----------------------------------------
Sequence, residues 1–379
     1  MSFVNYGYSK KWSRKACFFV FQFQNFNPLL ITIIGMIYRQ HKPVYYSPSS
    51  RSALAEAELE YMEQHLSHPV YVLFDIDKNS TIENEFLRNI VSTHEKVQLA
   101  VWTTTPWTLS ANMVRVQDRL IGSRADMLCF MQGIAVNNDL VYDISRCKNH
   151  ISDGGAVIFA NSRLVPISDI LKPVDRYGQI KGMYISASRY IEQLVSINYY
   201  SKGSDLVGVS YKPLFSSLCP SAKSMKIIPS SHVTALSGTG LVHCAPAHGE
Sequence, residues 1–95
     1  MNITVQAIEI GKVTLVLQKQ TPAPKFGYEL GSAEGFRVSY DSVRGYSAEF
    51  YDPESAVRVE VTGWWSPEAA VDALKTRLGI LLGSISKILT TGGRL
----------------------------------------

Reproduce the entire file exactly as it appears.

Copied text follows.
Sequence, residues 1–379
     1  MSFVNYGYSK KWSRKACFFV FQFQNFNPLL ITIIGMIYRQ HKPVYYSPSS
    51  RSALAEAELE YMEQHLSHPV YVLFDIDKNS TIENEFLRNI VSTHEKVQLA
   101  VWTTTPWTLS ANMVRVQDRL IGSRADMLCF MQGIAVNNDL VYDISRCKNH
   151  ISDGGAVIFA NSRLVPISDI LKPVDRYGQI KGMYISASRY IEQLVSINYY
   201  SKGSDLVGVS YKPLFSSLCP SAKSMKIIPS SHVTALSGTG LVHCAPAHGE
Sequence, residues 1–95
     1  MNITVQAIEI GKVTLVLQKQ TPAPKFGYEL GSAEGFRVSY DSVRGYSAEF
    51  YDPESAVRVE VTGWWSPEAA VDALKTRLGI LLGSISKILT TGGRL